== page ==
"Almost a decade since the end of the hit American TV series Friends, the show — and, in particular, the fictitious Central Perk cafe, where much of the action took place — is enjoying an afterlife in China's capital, Beijing. Here, the show that chronicled the exploits of New York City pals Rachel, Ross, Monica, Chandler, Phoebe and Joey is almost seen as a lifestyle guide."
"Honey laundering is a complex exercise that involves several players in the honey chain from apiary to wholesaler to retailer. In the case against ALW, evidence was presented to show the use of fake country-of-origin documents for shipments, replacement of labels on Chinese containers with fraudulent ones, switching of honey containers in a third country, and even the blending of Chinese honey with glucose syrup or honey from another country."
"During his civil lawsuit against the People's Republic of China, Brian Milburn says he never once saw one of the country's lawyers. He read no court documents from China's attorneys because they filed none. The voluminous case record at the U.S. District courthouse in Santa Ana contains a single communication from China: a curt letter to the U.S. State Department, urging that the suit be dismissed. That doesn't mean Milburn's adversary had no contact with him." [China Mafia-Style Hack Attack Drives California Firm to Brink]
"The Wenzhou crash killed forty people and injured a hundred and ninety-two. For reasons both practical and symbolic, the [Chinese] government was desperate to get trains running again, and within twenty-four hours it declared the line back in business. The Department of Propaganda ordered editors to give the crash as little attention as possible. “Do not question, do not elaborate,” it warned, on an internal notice. When newspapers came out the next morning, China’s first high-speed train wreck was not on the front page." [How a high-speed rail disaster exposed China's corruption]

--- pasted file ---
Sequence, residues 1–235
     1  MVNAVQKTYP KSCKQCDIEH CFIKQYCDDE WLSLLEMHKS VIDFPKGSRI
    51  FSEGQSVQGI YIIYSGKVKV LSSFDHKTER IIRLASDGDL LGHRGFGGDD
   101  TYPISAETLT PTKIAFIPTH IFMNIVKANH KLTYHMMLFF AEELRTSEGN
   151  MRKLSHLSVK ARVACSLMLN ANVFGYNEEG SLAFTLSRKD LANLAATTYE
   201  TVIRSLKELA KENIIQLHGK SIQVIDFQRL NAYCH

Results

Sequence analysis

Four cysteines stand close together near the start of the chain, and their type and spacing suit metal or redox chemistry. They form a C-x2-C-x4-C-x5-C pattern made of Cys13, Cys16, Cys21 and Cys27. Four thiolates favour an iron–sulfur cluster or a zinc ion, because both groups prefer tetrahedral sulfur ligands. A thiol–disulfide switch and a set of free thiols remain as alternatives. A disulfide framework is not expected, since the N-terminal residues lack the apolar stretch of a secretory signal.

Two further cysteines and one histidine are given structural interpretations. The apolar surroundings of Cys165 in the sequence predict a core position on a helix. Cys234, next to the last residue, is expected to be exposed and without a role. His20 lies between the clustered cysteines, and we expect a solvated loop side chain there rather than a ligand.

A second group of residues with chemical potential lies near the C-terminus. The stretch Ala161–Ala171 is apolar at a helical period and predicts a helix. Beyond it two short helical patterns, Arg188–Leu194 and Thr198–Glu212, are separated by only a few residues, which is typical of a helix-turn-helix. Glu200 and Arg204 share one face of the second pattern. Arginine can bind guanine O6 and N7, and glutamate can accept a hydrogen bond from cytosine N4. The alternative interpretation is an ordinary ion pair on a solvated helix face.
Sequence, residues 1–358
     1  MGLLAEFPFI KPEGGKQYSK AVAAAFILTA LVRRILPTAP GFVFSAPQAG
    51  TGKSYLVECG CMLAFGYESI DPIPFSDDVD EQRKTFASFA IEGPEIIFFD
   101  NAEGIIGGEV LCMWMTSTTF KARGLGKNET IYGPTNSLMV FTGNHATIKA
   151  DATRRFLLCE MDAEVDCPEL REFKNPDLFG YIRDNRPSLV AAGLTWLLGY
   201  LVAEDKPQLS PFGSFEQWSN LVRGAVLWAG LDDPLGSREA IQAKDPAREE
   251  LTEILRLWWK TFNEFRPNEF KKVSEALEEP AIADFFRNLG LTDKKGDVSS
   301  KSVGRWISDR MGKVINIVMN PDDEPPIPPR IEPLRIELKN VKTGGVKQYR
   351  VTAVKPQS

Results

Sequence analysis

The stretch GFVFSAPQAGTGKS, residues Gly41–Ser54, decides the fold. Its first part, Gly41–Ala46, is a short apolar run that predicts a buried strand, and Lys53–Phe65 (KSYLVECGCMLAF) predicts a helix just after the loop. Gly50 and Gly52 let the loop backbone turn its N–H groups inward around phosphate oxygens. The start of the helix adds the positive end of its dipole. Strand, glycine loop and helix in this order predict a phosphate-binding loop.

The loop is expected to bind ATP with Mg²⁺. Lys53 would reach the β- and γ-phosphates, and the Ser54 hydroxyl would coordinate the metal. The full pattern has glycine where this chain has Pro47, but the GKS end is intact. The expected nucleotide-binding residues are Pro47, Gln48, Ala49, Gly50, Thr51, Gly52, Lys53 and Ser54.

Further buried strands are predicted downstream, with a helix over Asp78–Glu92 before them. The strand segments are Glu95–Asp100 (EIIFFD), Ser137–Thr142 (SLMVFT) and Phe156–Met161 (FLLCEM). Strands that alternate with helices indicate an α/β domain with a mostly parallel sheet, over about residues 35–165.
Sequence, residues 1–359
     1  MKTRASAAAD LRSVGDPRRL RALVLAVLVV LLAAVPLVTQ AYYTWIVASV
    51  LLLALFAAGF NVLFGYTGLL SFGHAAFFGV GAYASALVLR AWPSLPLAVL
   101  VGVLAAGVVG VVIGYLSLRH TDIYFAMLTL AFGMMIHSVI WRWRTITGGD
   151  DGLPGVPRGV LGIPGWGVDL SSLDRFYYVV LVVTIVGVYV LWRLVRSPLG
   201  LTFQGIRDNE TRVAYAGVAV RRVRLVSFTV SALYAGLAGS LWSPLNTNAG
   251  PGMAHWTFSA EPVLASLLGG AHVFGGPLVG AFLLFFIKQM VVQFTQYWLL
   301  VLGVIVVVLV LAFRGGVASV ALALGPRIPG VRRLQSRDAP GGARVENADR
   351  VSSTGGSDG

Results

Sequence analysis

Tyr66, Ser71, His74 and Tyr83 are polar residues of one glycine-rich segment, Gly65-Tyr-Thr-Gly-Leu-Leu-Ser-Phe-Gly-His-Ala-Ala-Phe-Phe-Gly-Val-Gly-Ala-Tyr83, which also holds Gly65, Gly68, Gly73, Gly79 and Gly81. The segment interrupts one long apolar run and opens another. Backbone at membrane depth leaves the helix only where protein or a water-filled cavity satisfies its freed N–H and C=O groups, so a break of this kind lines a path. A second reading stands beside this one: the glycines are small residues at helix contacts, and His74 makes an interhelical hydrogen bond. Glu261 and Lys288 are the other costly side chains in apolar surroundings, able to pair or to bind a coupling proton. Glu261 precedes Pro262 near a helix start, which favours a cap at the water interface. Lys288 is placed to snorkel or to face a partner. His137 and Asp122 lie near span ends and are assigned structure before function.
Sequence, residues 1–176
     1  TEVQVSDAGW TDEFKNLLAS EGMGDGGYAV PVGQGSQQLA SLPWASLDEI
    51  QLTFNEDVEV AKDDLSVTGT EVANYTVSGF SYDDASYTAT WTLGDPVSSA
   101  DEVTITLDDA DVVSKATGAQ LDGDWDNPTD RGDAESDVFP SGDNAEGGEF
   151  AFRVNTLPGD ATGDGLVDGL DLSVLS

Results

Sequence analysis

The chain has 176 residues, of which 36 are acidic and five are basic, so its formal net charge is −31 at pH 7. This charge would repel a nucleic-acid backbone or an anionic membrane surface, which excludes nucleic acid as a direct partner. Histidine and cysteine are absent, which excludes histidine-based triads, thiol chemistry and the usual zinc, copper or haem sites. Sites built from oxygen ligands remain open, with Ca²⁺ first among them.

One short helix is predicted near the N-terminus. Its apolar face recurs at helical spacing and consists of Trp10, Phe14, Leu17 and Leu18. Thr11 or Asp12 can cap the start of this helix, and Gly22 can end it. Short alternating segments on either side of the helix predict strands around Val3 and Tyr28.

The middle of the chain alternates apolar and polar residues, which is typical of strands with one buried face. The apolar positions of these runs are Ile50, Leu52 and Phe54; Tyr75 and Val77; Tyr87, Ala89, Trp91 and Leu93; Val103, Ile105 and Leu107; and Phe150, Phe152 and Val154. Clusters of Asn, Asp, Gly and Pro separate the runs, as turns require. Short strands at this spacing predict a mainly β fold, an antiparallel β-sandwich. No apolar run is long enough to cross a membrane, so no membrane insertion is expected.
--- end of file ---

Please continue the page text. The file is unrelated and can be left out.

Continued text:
"Zhang Yue, founder and chairman of Broad Sustainable Building, is not a particularly humble man. A humble man would not have erected, on his firm’s corporate campus in the Chinese province of Hunan, a classical palace and a 130-foot replica of an Egyptian pyramid. A humble man, for that matter, would not have redirected Broad from its core business—manufacturing industrial air-conditioning units—to invent a new method of building skyscrapers. And a humble man certainly wouldn’t be putting up those skyscrapers at a pace never achieved in history." [Meet the Man Who Built a 30-Story Building in 15 Days]
"Dwarfing even the $2 trillion borrowed for the Railway Ministry’s high-speed networks since 2008, and the thousands of kilometres of 4–6 lane toll roads with barely a vehicle on them, China’s building binge is the most striking example of what Prime Minister Wen Jiabao famously, but impotently, denounced in 2007 as the country’s “unbalanced, unstable, uncoordinated and unsustainable” model of economic development. Now, with house prices and sales sagging in response to government restrictions aimed at deflating history’s biggest ever property bubble, and with local governments as deep in bad debt as the developers, I asked the businessman what was to prevent the bubble actually bursting, in a spectacular financial explosion? "
On the one year anniversary of the Fukushima disaster, the Economist magazine now considers Nuclear energy to be "the dream that failed", in an issue with articles covering the history, safety issues, handling of nuclear waste, and costs (with emphasis on China) of nuclear power. [more inside]
FP Passport Blog: In an attempt to highlight the role of women in Beijing's annual National People's Congress, China's party newspaper the People's Daily published "Beautiful female journalists at two sessions," consisting of women asking questions and "beautifying" China's legislative session. It's hard to think of a more awkward way for a media outlet to celebrate International Women's Day, except maybe last year's offering from China's state news wire Xinhua: "Attractive females at NPC, CPCC sessions."
The Buddha tells the people he can fulfil only one of their wishes. Someone asks: "Could you lower the price of property in China so that people can afford it?" Seeing the Buddha frown in silence, the person makes another wish: "Could you make the Chinese football team qualify for a World Cup?" After a long sigh, the Buddha says: "Let's talk about property prices." [more inside]
China’s Fox News: Meet "Global Times", the angry Chinese government mouthpiece that makes Bill O'Reilly seem fair and balanced.